We live in a world that moves ever faster. Change goes relatively unnoticed, and we simply accept it as the technology around us advances. There used to exist an unofficial ‘Rule of 2’, whereby every two years, technology would double in sophistication. This process seems to happen much faster these days.
I work for an oil and gas tech company. We’ve been around for a while now, and our success thus far has been underpinned by new, disruptive tech. However, our industry is facing hard times at present, with the market for oilfield equipment shrinking massively. There will be a recovery of sorts one day, but I am yet to speak to anyone expecting a return to where we were. In times like these everyone is looking for a solution. Heavy emphasis is placed on innovation, and a lot of noise made about how it is critical to the survival of the industry. But is it?
Innovation in its purest sense means turning things on their head, altering the course of industries in the process. Looking back, it is easy to pick out moments in history such as this. Take 29th June 2007 as an example. Having existed purely to make phone calls and send the occasional text message, the mobile phone was changed forever, becoming an integral part of our everyday lives, and revolutionising how we interact with one another. How? The iPhone was launched.
So how can innovation be a bad thing? Well, through an imperfect understanding of how innovation actually happens. The iPhone was a revolutionary product, but for the most part, the technology already existed in other forms. It was the way we used the technology that changed. Made possible by how innovatively Apple brought it together. It was innovation, not invention, and that is what needs to be kept in mind.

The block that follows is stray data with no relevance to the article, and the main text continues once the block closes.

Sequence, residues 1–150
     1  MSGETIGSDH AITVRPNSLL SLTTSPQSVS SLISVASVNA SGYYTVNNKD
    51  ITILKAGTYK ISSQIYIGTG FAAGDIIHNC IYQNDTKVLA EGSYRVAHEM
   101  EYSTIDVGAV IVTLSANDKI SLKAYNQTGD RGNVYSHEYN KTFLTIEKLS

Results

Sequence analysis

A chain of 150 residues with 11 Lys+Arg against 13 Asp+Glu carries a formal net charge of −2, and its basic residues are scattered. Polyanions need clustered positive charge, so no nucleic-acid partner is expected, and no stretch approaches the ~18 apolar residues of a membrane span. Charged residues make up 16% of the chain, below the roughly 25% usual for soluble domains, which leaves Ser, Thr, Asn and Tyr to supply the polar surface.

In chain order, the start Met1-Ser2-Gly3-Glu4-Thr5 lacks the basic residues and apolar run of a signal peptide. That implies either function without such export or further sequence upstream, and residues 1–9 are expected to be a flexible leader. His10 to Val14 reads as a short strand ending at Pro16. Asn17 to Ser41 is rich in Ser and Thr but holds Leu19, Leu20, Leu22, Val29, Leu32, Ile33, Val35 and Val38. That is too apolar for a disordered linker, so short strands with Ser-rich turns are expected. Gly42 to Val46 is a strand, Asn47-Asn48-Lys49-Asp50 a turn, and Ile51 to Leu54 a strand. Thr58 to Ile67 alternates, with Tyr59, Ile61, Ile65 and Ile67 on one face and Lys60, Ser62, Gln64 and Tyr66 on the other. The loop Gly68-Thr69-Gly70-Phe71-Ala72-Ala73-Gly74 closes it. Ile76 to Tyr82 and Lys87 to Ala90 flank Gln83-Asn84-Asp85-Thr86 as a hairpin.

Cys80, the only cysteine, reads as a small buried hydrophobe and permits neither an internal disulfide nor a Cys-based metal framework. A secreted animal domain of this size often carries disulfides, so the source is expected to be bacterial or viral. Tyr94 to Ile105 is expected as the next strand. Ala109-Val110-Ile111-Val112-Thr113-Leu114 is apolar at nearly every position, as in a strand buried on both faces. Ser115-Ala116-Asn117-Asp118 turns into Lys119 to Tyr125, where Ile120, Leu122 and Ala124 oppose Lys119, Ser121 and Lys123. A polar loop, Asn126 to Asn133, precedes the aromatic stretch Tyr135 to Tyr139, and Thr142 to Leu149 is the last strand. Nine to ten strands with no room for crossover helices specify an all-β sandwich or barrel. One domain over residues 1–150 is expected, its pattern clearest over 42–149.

Another turnoff is forgetting that innovation comes in scale. Talented, hardworking people can have great ideas with real benefits, but if the bar for what counts as innovation is set at the iPhone, many of these ideas will never see the light of day. People become preoccupied with searching for that huge breakthrough. They become secretive, keeping the idea internal until they can present something amazing, which rarely happens. What is lost here is the collaboration, feedback, and sharing of experience that could in fact be the catalyst the innovative idea needs to become viable.
So, what is the solution? Well what we need is to set the focus on good ideas, small changes, steady improvements, and put the support in place to make this happen. Companies need to build teams around key issues, to share challenges and find solutions. Great innovations are a combination of good ideas, from multiple sources. Steve Jobs didn’t bring the iPhone to market on his own, and he certainly didn’t come up with the idea of the mobile phone. Good idea, multiple sources.
Some people can spot the need for something new, others might miss the opportunity but have the skills to bring it to life. Even those who don’t have answers could ask key questions of the project, playing Devil’s Advocate. This type of work takes varied groups, openness, time, and trust. People need to feel safe to raise a hand and rock the boat, knowing if they fall overboard someone will throw them a rope.